Montreal institution Queue de Cheval stirs controversy

Is the customer always right?



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Yesterday I came across the story of a group luncheon gone wrong at the Queue de Cheval Steakhouse & Raw Bar. One of the attendees, tv personality, Catherine Verdon-Diamond strongly voiced her disappointment on the establishment's FB page. The luncheon was scheduled as part of the Influence Mtl conference at the Sheraton Centre.

The reply from the Queue de Cheval wasn't apologetic. It shifted the blame on the attendees. Other attendees (including Danièle Henkel) jumped in and the story nearly became viral as it was shared by bloggers and influencers on different platforms. Even with the increasing backlash, the Queue de Cheval owners choose to leave the comment as is.

Is their silence a form of statement in itself? The owners perhaps consider that their well established clientele (after 20 yrs) would not be bothered by the incident and that the social media influence would barely affect them. On the other hand, this is seen as a PR fail and a missed opportunity to attract a different clientele in a city where a new restaurant opens every week.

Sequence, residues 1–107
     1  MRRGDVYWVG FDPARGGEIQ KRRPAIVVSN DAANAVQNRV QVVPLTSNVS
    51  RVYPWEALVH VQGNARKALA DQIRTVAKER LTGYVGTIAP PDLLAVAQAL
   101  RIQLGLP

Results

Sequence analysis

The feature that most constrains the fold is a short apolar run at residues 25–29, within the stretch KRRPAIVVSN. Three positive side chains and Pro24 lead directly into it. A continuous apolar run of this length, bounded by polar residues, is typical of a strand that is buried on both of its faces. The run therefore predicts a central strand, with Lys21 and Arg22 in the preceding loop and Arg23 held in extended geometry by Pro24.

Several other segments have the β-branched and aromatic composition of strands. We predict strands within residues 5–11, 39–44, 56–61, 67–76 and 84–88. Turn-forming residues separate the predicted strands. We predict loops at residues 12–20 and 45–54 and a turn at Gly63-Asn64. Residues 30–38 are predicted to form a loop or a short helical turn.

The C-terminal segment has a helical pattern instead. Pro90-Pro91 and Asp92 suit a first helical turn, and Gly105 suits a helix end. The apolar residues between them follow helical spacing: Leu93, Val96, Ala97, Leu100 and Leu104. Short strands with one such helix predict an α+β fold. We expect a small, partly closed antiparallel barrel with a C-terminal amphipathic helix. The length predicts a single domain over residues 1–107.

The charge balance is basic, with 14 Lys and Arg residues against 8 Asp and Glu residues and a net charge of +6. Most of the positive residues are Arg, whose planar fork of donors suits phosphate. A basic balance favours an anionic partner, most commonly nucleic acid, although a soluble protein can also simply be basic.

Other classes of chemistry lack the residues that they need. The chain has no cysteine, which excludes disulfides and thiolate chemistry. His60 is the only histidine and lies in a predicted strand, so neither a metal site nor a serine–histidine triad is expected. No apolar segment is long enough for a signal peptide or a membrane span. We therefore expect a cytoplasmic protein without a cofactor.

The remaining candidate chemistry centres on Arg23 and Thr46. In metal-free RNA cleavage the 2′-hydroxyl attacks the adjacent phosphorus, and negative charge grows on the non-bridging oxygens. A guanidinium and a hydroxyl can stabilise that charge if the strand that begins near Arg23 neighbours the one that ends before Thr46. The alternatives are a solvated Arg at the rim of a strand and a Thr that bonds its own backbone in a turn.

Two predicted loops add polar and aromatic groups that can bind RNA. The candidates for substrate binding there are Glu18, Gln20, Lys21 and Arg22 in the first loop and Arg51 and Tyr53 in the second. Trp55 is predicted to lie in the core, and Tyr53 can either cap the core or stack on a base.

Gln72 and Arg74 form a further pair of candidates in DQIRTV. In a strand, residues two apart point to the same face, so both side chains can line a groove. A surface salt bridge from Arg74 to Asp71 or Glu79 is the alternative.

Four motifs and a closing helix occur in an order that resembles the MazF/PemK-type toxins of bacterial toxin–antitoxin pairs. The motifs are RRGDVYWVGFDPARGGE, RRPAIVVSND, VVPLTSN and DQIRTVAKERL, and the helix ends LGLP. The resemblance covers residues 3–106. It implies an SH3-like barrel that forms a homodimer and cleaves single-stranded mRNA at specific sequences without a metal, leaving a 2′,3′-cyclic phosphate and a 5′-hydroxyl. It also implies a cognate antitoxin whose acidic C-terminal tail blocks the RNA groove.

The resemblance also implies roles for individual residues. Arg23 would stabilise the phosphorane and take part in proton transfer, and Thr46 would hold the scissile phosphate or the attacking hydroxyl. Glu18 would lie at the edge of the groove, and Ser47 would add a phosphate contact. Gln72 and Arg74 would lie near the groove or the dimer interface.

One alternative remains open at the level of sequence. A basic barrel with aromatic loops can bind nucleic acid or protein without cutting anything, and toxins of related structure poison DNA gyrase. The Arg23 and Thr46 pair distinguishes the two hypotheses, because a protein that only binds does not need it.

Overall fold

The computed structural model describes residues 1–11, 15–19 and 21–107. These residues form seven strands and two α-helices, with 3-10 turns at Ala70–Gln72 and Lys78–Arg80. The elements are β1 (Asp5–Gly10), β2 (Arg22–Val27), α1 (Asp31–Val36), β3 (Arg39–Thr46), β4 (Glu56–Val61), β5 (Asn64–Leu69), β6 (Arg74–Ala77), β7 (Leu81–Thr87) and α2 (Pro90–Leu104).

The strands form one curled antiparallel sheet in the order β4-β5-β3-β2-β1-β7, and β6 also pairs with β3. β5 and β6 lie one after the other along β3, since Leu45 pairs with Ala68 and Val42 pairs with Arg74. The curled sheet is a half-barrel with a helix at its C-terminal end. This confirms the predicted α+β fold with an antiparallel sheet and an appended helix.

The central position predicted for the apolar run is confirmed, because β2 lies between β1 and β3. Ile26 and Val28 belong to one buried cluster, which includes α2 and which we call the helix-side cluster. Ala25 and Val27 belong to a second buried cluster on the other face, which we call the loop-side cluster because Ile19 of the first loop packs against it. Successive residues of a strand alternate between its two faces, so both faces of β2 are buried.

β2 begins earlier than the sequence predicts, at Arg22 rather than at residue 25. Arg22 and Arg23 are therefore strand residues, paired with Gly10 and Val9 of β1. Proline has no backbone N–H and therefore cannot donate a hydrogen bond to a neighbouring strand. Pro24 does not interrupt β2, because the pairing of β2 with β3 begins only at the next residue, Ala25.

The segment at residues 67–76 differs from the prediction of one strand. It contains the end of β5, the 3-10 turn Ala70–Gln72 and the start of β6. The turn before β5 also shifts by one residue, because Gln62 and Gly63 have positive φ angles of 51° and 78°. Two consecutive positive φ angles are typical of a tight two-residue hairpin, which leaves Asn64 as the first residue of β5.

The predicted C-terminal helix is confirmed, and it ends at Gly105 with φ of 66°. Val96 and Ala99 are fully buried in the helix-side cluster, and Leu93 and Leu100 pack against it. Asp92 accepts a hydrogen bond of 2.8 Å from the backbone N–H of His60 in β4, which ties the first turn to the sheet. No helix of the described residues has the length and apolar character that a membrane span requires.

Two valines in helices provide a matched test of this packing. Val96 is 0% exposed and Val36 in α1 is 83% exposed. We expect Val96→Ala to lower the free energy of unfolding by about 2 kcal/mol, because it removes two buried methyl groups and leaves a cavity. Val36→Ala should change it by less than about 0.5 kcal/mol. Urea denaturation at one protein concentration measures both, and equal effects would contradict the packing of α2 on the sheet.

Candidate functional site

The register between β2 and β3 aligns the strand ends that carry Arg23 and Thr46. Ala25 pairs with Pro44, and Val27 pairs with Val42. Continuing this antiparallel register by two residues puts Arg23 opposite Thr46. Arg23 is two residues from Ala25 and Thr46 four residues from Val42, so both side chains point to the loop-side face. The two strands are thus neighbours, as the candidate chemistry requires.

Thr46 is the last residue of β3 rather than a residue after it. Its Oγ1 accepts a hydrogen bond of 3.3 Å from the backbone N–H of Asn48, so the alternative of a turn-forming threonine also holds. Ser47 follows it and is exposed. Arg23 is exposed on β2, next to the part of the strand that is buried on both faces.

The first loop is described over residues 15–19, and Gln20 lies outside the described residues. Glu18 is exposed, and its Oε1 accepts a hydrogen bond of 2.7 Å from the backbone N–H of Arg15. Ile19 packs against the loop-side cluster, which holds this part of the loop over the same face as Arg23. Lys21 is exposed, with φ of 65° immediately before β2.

Customers instantly voice their opinions on social media to congratulate a business or to air their frustrations. The negative reviews are often perceived by small business owners as bashing. Are they right to feel this way? Should they always respond in a politically correct way to these reviews, should they respond at all? 


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